Saturday, June 30, 2012

Midsummer Night / Archibald Lampman

Midsummer Night

Mother of balms and soothings manifold,
Quiet-breathed night whose brooding hours are seven,
To whom the voices of all rest are given,
And those few stars whose scattered names are told,
Far off beyond the westward hills outrolled,
Darker than thou, more still, more dreamy even,
The golden moon leans in the dusky heaven,
And under her one star – a point of gold:

And all go slowly lingering toward the west,
As we go down forgetfully to our rest,
Weary of daytime, tired of noise and light:
Ah, it was time that thou should'st come; for we
Were sore athirst, and had great need of thee,
Thou sweet physician, balmy-bosomed night.

Archibald Lampman 
from Among the Millet and other poems, 1888

[Poem is in the public domain worldwide]

Archibald Lampman biography

Sunday, June 24, 2012

Metric Figure / William Carlos Williams

Metric Figure 

There is a bird in the poplars! –
It is the sun!
The leaves are little yellow fish
Swimming in the river;
The bird skims above them –
Day is on his wings.
It is he that is making
The great gleam among the poplars.
It is his singing
Outshines the noise
Of leaves clashing in the wind.

William Carlos Williams (1883-1963)
from A Book of Poems: Al que quiere!, 1917

[Poem is in the public domain in Canada and the United States]

William Carlos Williams biography

Saturday, June 23, 2012

First Day of Summer / Laurence Binyon

First Day of Summer

Sweetest of all delights are the vainest, merest;
Hours when breath is joy, for the breathing's sake.
Summer awoke this morning, and early awake
I rose refreshed, and gladly my eyes saluted
The entering beam of the sun that laughed his clearest.
I too laughed for pleasure, and vowed straightway
To stream and sun the flower of an idle day,
With summer sweetly enjoyed and friends well suited.

Merry were we, as stepping aboard we laid
The shaven oars in order; merry the leap
Of the oar, that grasped the water and stirred from sleep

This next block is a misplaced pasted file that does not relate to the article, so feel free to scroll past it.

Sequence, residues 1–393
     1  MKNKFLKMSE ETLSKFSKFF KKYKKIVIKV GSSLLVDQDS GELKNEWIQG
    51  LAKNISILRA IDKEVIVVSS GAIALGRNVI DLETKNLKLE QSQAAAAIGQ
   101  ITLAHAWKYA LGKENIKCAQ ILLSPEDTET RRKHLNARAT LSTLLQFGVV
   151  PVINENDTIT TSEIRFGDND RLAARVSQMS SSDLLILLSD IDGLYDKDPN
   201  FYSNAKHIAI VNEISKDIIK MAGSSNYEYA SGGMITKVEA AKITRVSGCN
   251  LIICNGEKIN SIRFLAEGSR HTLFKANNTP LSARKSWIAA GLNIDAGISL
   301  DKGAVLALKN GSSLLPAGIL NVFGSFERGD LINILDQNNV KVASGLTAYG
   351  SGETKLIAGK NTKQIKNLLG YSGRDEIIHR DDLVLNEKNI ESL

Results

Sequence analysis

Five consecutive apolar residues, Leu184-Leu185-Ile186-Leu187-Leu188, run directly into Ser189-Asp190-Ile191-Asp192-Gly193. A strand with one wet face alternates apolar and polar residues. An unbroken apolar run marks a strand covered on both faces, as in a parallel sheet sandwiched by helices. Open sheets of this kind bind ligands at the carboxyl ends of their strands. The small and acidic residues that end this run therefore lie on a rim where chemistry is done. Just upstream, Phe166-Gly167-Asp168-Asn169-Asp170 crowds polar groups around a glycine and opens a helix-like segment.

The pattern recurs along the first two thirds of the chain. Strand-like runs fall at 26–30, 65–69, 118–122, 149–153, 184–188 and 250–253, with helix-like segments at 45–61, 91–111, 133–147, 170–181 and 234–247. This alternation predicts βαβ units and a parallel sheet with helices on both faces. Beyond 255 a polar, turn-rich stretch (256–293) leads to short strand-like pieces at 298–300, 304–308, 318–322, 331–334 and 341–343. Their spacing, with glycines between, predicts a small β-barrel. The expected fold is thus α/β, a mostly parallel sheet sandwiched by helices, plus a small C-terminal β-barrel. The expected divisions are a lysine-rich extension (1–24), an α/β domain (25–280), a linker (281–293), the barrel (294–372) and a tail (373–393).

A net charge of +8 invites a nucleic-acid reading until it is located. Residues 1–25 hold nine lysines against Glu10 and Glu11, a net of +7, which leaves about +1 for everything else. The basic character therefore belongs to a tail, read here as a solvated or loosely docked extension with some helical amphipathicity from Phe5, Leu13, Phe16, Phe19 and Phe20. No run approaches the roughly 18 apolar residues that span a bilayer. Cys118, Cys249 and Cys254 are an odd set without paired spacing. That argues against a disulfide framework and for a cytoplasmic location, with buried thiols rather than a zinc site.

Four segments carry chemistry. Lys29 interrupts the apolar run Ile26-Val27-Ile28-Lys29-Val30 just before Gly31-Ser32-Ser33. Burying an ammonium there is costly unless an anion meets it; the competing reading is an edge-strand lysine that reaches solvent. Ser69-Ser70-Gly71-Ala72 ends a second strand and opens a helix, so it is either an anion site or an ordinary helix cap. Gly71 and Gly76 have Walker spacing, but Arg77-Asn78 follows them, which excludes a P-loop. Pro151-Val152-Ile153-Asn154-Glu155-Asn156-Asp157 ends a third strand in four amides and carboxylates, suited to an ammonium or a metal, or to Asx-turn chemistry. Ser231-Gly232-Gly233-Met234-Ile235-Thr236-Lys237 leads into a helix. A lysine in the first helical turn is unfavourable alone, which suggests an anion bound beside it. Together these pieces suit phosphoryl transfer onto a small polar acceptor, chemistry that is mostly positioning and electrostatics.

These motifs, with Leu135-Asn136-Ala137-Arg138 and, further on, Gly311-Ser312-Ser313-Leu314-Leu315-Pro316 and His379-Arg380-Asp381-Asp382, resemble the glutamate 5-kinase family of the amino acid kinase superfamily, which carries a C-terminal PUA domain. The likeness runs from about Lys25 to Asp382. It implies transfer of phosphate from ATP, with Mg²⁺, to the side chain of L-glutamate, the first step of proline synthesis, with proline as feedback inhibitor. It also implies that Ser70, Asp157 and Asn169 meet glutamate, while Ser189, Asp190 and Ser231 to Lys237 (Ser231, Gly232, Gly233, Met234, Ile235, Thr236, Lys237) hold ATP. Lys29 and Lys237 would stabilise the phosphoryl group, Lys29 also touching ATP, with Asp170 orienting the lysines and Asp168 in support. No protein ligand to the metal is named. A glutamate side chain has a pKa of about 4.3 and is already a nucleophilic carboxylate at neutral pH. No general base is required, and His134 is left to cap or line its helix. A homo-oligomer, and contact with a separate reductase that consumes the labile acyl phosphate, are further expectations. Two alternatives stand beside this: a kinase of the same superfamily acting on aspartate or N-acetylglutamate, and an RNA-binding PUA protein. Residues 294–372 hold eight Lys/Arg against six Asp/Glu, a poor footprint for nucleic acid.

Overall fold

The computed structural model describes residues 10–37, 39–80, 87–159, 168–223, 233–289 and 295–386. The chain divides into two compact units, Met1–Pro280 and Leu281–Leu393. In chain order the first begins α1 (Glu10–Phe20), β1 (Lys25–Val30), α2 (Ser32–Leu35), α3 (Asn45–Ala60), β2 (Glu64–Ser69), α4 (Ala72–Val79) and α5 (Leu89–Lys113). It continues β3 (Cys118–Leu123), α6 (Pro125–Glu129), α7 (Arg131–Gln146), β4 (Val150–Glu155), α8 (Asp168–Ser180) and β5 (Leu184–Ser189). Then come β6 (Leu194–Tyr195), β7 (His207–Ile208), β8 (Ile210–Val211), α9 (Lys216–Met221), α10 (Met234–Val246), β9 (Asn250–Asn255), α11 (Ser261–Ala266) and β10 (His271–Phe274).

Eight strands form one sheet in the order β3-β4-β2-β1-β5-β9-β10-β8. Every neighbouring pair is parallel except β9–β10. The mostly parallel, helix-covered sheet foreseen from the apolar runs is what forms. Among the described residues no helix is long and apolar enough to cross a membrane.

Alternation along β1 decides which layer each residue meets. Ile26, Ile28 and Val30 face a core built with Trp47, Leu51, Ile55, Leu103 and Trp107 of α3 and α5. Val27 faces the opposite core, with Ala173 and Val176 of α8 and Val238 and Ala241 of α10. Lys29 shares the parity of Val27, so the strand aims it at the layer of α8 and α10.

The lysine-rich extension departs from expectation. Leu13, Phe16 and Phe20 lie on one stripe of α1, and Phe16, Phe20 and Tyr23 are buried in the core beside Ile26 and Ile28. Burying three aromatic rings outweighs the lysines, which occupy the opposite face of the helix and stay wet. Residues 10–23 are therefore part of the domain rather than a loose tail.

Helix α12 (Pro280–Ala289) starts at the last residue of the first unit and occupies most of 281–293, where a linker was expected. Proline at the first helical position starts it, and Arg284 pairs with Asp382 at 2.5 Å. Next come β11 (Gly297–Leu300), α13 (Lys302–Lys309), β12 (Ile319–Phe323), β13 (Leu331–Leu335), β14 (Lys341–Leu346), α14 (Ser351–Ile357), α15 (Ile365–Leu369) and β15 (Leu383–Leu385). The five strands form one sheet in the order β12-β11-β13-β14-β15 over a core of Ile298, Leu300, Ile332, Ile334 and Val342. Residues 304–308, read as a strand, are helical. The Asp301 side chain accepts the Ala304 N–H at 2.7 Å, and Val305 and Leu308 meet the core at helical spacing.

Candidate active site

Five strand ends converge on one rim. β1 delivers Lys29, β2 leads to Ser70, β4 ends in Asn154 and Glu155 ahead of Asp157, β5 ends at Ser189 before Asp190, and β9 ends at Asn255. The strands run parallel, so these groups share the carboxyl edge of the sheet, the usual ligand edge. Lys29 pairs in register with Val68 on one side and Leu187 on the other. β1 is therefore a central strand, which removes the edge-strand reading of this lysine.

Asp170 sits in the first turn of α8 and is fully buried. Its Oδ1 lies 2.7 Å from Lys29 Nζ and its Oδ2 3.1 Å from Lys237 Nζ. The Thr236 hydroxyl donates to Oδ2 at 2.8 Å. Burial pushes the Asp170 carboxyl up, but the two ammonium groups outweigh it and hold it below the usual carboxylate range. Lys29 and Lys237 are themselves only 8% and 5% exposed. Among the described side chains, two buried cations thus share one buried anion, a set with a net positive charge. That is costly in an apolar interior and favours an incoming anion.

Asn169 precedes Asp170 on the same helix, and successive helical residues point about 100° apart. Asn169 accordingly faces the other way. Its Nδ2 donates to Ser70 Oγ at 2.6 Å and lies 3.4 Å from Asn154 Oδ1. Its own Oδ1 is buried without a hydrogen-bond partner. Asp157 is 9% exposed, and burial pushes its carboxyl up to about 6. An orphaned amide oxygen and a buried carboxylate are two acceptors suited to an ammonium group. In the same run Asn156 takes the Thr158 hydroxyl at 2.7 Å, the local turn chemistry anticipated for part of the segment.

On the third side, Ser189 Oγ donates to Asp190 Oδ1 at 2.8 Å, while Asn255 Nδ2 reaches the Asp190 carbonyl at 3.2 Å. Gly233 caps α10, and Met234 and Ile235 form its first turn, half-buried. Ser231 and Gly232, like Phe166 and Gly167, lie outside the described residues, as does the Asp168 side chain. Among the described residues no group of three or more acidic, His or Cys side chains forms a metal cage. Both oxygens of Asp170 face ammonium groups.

A wave, to tremble past us in foamy rings.
With rhyming fall, and with bright returning blade
Impetuous music urges the rippling keel;
Softly our necks the flow of the breezes feel;
And blue, and thronged with birds, the morning sings.

And lo, the elms, in a day reclothed and gleaming
In delicate youth, above us stir their leaves.
The eye, to naked winter used, receives
A magic pleasure: and still the shore we follow
Winding in flowery meadows; freshly streaming
The river meets us ever from fields unknown:
As light we travel his curving mirror lone,
No longer I envy you, O frolic swallow.

Till moored at noon by shadowy turf, and ended
Awhile that pleasant toil, what relish keen
At ease to lie amid flowers, with rustling green
O'ershaded; there, reclined by a bubbling pool,
The rushing weir in murmur and foam blended,
Entrancing ear and eye, caresses the brain
With smooth perpetual sound, the lulling strain
Of water weariless poured and glittering cool.

O then, refreshed, in the level light serene
Our boat re-entering, her prow homeward turned,
How soft we glided; soft, as evening burned
Through drooping leaves, our liquid furrow stirred
The dim green heights of the elm, reflected green
In shadowy water; at last the dreaming shore
From its own enchanted mirror we know no more:
Softly we glided downward, and spoke no word.

Nor took we land, till the West in a blush was dying,
And over the twilit meadow we loitered home.
Even now in my ear is rushing the constant foam,
And the dappled stream is alight with the wind's laughter,
As I taste, in the cool of the darkness dreamily lying,
The sun yet warm upon limbs that sweetly ache;
Drowsed deliciously, still I linger awake,
Only to keep my delight, and to look not after.

Lawrence Binyon
from The Praise of Life, 1896.

[Poem is in the public domain in Canada and the United States]

Laurence Binyon biography

Sunday, June 17, 2012

In June and Gentle Oven / Anne Wilkinson

In June and Gentle Oven

In June and gentle oven
Summer kingdoms simmer
As they come
And through flower and leaf and love
Their sweetest juice.

No wind at all
On the wide green world
Where fields go stroll-
ing by
And in and out
An adder of a stream
Parts the daisies
On a small Ontario farm.

And where, in the curve of meadow,
Lovers, touching, lie,
A church of grass stands up